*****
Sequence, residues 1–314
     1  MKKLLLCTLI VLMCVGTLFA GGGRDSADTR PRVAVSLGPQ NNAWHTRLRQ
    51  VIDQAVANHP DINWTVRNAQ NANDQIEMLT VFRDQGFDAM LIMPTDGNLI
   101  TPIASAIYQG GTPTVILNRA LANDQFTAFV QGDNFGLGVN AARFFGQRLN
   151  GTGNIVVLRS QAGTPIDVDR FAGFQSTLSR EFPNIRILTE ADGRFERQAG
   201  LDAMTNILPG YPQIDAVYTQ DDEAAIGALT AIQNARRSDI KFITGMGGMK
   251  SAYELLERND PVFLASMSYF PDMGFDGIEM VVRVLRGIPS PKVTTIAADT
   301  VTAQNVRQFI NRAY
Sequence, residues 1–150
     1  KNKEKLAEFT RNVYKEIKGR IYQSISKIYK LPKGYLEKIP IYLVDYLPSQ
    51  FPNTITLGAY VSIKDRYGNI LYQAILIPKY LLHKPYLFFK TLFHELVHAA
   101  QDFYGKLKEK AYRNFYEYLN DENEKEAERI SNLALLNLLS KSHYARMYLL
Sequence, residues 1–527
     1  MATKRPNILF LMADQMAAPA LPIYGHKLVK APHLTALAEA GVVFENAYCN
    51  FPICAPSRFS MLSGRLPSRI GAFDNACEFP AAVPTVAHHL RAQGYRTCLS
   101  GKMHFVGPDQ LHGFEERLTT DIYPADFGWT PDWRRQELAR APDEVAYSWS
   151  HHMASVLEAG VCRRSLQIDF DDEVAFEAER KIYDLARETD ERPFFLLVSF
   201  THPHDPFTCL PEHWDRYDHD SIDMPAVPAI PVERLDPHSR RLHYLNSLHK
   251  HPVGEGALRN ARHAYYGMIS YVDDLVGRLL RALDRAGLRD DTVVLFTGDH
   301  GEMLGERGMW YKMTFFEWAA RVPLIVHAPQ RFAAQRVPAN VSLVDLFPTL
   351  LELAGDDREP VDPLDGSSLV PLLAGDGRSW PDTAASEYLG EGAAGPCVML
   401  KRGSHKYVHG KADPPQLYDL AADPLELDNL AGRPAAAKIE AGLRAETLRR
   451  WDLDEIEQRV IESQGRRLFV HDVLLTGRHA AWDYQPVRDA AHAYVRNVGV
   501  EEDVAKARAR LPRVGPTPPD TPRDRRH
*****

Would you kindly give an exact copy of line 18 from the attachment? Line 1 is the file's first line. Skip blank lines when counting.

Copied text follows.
   201  THPHDPFTCL PEHWDRYDHD SIDMPAVPAI PVERLDPHSR RLHYLNSLHK